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In Defence of the Linear Model. An Essay M. Balconi, S. Brusoni and L. Orsenigo

In Defence of the Linear Model. An Essay M. Balconi, S. Brusoni and L. Orsenigo. Motivation Widespread and criticism towards the Linear Model (LM) Everybody agrees that the LM is wrong and useless But then, why continuing to criticise it?

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In Defence of the Linear Model. An Essay M. Balconi, S. Brusoni and L. Orsenigo

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  1. In Defence of the Linear Model.An EssayM. Balconi, S. Brusoni and L. Orsenigo Pecs, July , 2010

  2. Motivation Widespread and criticism towards the Linear Model (LM) Everybody agrees that the LM is wrong and useless But then, why continuing to criticise it? Are some parts of the LM still useful? Pecs, July , 2010

  3. Objectives • What is the LM? Can we identify the main propositions which constitute or are usually associated to the LM in the literature? • some brief historical remark on the origins, status and content of the LM • V. Bush and “Science: The Endless Frontier” • 2) Which are the main critiques advanced against the LM and to which context do they apply? • 3) Do these critiques really destroy the LM? • 4) 3 main dimensions of the debate: • - cognitive • - organisational • - normative • 5) Conclusion Pecs, July , 2010

  4. Preliminary Observations critiques of the LM encompass a variety of different – and often mutually incompatible – arguments and implications, which do not necessarily derive from the model itself the demise of the LM has opened the Pandora’s box of possible alternative “models” and normative prescriptions Pecs, July , 2010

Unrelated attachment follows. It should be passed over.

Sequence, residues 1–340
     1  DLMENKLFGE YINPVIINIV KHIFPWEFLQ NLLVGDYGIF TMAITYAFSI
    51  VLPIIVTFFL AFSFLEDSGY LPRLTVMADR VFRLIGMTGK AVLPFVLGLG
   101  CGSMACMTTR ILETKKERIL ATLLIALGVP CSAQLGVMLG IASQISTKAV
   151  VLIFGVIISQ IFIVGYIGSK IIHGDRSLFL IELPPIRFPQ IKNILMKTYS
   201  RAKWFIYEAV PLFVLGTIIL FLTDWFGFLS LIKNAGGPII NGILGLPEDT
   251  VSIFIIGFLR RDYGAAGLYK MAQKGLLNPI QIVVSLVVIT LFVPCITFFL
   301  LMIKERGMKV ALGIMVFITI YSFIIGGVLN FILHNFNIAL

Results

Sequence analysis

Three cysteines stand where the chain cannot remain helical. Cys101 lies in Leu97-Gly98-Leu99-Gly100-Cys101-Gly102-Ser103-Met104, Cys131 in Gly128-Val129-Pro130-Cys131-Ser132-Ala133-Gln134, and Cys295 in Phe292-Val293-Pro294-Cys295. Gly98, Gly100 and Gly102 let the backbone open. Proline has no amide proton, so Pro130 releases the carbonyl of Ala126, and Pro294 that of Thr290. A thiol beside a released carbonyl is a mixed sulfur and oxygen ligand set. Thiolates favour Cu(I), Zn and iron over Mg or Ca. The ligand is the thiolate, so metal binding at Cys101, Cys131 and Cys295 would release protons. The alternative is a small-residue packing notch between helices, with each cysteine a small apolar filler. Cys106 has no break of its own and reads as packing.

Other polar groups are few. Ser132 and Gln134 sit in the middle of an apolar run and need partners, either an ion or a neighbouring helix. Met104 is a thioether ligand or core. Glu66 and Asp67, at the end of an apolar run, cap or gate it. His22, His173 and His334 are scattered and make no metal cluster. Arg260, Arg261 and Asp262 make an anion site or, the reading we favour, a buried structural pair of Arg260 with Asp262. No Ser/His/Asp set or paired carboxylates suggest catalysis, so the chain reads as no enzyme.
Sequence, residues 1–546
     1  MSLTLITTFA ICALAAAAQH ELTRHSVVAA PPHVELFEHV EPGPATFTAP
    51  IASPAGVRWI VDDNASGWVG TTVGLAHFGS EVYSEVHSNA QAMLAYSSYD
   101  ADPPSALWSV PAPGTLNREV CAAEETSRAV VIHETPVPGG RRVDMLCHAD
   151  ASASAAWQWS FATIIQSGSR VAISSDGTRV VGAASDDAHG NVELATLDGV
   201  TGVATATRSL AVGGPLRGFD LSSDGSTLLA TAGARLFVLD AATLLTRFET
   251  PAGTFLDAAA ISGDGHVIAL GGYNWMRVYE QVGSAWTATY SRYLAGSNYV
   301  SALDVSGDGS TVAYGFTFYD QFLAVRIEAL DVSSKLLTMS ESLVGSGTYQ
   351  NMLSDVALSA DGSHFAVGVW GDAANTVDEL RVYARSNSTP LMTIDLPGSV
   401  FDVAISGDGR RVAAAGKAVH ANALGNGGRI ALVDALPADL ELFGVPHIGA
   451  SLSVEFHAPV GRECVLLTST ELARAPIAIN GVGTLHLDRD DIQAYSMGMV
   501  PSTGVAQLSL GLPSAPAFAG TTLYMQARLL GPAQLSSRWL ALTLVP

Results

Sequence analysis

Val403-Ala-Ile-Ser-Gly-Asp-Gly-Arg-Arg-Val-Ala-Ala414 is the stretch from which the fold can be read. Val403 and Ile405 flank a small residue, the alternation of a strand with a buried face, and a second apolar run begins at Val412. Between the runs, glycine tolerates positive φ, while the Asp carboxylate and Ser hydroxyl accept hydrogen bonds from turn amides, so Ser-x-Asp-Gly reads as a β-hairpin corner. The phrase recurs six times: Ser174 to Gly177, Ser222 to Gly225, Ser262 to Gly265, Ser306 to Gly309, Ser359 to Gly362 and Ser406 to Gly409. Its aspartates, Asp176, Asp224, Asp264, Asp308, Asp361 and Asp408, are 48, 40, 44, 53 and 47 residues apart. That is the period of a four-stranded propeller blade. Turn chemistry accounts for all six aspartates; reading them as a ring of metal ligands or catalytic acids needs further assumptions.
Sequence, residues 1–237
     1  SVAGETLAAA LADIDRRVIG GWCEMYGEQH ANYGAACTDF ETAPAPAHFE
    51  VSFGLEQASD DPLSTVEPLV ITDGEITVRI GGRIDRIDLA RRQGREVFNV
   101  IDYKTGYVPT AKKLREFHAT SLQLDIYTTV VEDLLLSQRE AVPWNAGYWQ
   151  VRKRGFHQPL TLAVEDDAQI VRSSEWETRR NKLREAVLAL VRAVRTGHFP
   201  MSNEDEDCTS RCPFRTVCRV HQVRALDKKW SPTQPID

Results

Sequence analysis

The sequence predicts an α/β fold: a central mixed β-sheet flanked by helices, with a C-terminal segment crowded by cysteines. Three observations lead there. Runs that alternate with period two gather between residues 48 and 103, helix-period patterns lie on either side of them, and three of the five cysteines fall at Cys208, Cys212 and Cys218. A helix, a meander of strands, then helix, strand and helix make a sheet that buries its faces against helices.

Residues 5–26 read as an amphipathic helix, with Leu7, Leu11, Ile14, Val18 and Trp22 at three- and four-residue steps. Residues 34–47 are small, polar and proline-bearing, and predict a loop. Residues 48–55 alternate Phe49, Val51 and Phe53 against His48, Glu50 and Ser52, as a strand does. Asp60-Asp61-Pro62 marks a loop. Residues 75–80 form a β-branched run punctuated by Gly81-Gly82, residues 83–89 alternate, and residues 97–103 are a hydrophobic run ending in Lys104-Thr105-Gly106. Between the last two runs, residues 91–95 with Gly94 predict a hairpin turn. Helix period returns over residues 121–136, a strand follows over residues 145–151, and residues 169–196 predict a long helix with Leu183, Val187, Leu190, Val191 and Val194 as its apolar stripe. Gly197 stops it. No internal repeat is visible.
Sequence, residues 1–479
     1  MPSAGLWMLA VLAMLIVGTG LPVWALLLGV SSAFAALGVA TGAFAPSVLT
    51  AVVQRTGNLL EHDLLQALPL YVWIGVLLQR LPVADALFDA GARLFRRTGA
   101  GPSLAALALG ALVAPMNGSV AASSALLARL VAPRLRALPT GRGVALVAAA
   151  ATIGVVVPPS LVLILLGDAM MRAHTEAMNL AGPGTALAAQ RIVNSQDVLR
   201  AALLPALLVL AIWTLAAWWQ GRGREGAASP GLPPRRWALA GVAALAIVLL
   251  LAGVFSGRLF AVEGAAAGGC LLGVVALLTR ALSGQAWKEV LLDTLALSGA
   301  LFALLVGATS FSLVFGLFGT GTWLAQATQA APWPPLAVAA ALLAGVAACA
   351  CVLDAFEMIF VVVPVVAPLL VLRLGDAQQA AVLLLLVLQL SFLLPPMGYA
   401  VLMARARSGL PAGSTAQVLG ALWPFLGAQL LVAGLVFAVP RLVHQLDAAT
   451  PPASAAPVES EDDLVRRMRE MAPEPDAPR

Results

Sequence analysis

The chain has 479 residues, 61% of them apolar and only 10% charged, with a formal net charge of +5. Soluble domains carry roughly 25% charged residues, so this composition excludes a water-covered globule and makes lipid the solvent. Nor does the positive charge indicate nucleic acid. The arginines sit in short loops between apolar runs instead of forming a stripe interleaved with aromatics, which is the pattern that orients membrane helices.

5. CAVEAT Not an historical reconstruction Not a claim on the empirical validity of the LM But an essay: - not all the critiques are really destructive - often they are uncoherent or mutually contradictory - the LM – in a weak form – may well survive and be useful, at least in some domains of analysis and policy Pecs, July , 2010

  6. To begin with • “at one time it was almost impossible to read a book or an article on technology policy or technological forecasting that did not begin or end with a polemic against the so-called linear model of innovation” • “The LM cannot be simply dismissed as a convenient strawman erected for the convenience of those expounding alternative ideas” (C.Freeman, The Greening of Technology, 1996) Pecs, July , 2010

  7. Some background literature • Did the LM ever existed? • Or was it a straw man? • Is it a theory? Or a model? • A Folk Model? • What are its main components? Pecs, July , 2010

  8. Alternative interpretations • D. Edgerton (2006): the LM did never actually exist, neither in theory nor in practice • A model of the relationships between science and society and specifically, innovation and economic growth • The term LM was rarely used before the '80s and almost always critically • It comes in various forms and it is never very well spelled out. But its common theme seems to be: • basic science is the main source of innovation • the innovative process is sequential • Innovation is a major source of growth • Critiques: • the innovative process is “irrational and cannot be programmed in advance (Price and Bass 1969) • Innovation rarely rests on scientific research Pecs, July , 2010